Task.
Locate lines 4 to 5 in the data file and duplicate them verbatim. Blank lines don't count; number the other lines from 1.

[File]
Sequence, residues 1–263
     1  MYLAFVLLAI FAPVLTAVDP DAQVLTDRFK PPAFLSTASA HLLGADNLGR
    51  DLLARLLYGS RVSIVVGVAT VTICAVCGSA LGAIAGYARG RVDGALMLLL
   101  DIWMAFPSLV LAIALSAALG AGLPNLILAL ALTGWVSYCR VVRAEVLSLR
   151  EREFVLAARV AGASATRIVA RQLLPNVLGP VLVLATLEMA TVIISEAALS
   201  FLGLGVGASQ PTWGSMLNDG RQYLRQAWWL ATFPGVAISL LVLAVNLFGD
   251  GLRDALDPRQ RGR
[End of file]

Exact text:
   101  DIWMAFPSLV LAIALSAALG AGLPNLILAL ALTGWVSYCR VVRAEVLSLR
   151  EREFVLAARV AGASATRIVA RQLLPNVLGP VLVLATLEMA TVIISEAALS